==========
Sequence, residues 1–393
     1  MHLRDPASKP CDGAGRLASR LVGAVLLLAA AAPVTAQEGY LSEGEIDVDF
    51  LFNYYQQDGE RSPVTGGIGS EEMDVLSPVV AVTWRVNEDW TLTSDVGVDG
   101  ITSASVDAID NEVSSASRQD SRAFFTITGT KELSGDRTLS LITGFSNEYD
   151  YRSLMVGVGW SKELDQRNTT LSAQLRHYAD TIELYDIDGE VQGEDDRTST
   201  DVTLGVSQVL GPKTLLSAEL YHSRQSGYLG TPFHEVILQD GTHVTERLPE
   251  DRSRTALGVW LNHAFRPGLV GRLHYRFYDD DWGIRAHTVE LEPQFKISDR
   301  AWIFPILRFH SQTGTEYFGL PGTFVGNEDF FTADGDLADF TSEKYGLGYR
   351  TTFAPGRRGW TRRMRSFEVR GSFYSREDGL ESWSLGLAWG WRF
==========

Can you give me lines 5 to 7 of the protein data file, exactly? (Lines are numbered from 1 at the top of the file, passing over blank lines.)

   151  YRSLMVGVGW SKELDQRNTT LSAQLRHYAD TIELYDIDGE VQGEDDRTST
   201  DVTLGVSQVL GPKTLLSAEL YHSRQSGYLG TPFHEVILQD GTHVTERLPE
   251  DRSRTALGVW LNHAFRPGLV GRLHYRFYDD DWGIRAHTVE LEPQFKISDR